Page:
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March 21, 2007

Shorties

The San Bernardino County Sun previews the independent hip hop music fest, the Paid Dues Festival.


The San Francisco Chronicle's Tech Chronicles recaps its SXSW experience.

Shawn Fanning revisited: On my last day in Austin, I had breakfast with Rusty Rueff, the chief executive of San Francisco's Snocap. The company has set up a digital registry and is about to pass iTunes, with 3.3 million songs in its registry. It is now using that registry to set up online stores for musicians on MySpace and other sites.


Ratatat's Evan Mast talks top Salt Lake City Weekly.

“I’m pretty sure to even try [to play the album live] we’d have to have like 15 guitar players,” Mast says. “Can you image what that would look like? Where would everyone stand? And I don’t know if we even know 15 guitar players, let alone ones that we’d be willing to work with.”


Stylus pits Depeche Mode vs. the Cure.


Popmatters lists overrated and underrated drummers.


One of the Atlanta Journal-Constitution's Braves beat writers took time off to review a solo show by Drive-By Trucker Jason Isbell.

Jason Isbell was in fine form: Took a few hours away from work last night to see the Drive-By Truckers’ guitarist do a solo show at a great dive in Orlando. By solo, I mean without the other Truckers. But he has a crack band playing with him on this little tour, and the material is excellent, both the solo stuff off his upcoming album and, yes, a bunch of DBT songs.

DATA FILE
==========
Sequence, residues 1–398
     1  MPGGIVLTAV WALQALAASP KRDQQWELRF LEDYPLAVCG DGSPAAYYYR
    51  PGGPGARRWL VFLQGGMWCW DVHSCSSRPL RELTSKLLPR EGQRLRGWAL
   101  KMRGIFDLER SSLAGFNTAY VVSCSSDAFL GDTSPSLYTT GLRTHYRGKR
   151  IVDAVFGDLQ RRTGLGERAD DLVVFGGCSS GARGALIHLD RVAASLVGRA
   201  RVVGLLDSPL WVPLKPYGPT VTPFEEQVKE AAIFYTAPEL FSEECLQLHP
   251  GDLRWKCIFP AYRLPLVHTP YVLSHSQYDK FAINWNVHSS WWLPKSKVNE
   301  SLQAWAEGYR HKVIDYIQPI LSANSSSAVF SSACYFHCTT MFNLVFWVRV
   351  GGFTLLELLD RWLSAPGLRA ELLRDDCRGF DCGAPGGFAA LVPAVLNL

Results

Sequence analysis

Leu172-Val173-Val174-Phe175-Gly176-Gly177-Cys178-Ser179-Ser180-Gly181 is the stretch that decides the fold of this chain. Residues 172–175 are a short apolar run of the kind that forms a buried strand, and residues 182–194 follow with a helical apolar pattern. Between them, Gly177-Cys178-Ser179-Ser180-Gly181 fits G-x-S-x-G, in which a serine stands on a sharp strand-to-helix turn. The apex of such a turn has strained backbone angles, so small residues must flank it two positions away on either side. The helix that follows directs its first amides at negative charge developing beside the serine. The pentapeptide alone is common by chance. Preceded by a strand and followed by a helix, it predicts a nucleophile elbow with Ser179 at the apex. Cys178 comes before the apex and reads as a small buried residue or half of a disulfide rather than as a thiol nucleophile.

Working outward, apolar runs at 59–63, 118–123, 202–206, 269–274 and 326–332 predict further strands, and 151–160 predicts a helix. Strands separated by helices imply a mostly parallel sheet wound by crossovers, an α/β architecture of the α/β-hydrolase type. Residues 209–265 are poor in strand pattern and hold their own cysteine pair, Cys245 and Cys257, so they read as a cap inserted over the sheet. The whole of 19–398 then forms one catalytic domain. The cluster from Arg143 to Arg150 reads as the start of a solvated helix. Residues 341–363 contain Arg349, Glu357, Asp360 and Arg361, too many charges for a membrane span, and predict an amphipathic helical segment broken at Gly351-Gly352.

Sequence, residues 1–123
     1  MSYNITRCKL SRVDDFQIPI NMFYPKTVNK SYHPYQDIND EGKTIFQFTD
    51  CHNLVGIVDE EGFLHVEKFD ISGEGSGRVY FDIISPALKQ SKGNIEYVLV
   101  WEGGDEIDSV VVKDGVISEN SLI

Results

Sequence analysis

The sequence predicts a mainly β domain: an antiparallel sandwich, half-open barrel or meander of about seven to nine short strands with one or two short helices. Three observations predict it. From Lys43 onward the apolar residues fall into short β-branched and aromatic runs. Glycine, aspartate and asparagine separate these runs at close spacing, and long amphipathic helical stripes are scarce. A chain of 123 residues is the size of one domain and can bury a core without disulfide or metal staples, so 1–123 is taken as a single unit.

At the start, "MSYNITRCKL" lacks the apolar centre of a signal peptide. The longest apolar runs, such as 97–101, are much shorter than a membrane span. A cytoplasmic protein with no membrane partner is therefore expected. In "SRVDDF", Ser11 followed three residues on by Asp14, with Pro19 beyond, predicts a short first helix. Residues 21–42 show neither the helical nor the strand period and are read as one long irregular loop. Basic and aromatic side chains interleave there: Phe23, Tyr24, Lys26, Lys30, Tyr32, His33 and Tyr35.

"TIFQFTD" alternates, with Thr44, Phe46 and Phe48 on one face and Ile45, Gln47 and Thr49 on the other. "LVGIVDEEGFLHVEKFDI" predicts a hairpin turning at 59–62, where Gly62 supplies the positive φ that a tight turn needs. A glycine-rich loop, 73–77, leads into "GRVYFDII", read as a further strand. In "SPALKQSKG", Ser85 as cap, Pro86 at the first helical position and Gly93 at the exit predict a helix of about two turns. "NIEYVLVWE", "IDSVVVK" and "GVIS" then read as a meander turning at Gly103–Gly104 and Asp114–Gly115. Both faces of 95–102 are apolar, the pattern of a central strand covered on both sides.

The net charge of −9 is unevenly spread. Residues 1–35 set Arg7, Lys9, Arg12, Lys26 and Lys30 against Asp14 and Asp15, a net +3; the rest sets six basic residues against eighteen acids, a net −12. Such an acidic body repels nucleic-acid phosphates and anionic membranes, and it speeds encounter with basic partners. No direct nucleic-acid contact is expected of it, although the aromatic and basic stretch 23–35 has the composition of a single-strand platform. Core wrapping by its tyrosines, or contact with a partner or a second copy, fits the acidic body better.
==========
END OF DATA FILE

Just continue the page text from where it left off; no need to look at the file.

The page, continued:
This American Life's Ira Glass talks to the San Francisco Chronicle about the radio show's move to television.

"My little sister Karen was a Disney executive at the time," Glass said. "And she just shook her head. 'Hollywood's got money and needs stories. You've got stories and need money. It's supply and demand.' "

She encouraged him to take the leap to TV, but when two of the big networks made offers, Glass found he couldn't pull the trigger. "We didn't really understand what the show would be, and they were going to spend a frightening amount of money." With so much cash involved, Glass says he worried he'd lose creative control.


The Morning News' MP3 Digest compares mp3 bloggers and YouTube users this week.

The mp3-blog snob consortium doesn’t approve of Robin Thicke’s “Lost Without You,” but YouTube is one with the people, it doesn’t care, it knows a perfect pop song when it sees it.


North Carolina State's Technician Online priofiles several sites that stream music legally online.

Personalized Internet radios and easy-to-download audio players characterize the legal music playing revolution. Sites such as Ruckus.com, Last.fm and Pandora.com enable music lovers to listen to a favorite or newly discovered artist for free and, in many cases, recommend bands similar to the originally selected artists.


The Los Angeles Times profiles the comics publisher, Boom Studios.

It's difficult to categorize Boom comics as just gory or intellectual or off the wall. "Talent," for instance, follows the adventures of a man who inherits the skills of fellow passengers killed on an airliner. "Tag" explores human nature as its characters literally rot away.

Wizard's Felton said that by branching out from just the "tights-and-capes thing," Boom was reaching audiences, particularly the mass market and Hollywood, that other publishers had missed.


The Guardian's books blog lists science fiction authors to read for pleasure.


Tiny Suns Infused With Sour points out rumors of a solo album by Sleater-Kinney's Corin Tucker.


see also:

this week's CD & DVD releases

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